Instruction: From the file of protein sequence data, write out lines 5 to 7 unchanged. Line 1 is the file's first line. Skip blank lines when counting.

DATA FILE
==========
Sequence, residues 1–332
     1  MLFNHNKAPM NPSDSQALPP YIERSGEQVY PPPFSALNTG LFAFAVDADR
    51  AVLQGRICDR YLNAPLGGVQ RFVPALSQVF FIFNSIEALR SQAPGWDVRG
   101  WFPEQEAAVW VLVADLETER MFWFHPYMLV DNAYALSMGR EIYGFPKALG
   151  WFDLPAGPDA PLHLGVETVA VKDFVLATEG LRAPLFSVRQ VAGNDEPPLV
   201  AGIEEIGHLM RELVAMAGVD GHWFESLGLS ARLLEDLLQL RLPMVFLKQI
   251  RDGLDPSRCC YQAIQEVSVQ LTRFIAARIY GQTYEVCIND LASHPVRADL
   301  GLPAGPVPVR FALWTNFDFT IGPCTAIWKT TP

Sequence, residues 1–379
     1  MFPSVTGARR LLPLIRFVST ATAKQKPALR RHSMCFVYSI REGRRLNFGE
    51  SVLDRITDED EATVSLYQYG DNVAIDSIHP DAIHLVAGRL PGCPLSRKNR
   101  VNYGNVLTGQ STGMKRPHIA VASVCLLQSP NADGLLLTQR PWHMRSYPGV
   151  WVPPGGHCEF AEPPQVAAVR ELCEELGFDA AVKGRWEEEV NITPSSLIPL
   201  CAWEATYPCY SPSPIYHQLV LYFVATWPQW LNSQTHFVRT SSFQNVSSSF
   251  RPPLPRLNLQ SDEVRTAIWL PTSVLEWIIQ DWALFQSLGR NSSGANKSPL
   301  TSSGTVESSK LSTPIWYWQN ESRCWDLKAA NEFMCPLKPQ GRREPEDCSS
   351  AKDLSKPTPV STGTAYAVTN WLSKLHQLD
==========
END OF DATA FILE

   151  WFDLPAGPDA PLHLGVETVA VKDFVLATEG LRAPLFSVRQ VAGNDEPPLV
   201  AGIEEIGHLM RELVAMAGVD GHWFESLGLS ARLLEDLLQL RLPMVFLKQI
   251  RDGLDPSRCC YQAIQEVSVQ LTRFIAARIY GQTYEVCIND LASHPVRADL